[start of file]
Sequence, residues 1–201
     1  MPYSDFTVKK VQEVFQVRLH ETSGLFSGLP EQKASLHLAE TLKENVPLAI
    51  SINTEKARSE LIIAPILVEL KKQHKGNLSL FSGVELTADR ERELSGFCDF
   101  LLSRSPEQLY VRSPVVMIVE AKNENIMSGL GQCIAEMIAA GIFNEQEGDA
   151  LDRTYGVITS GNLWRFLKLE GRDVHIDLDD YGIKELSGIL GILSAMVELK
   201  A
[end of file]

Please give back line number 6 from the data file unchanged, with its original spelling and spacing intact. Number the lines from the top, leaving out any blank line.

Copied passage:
   201  A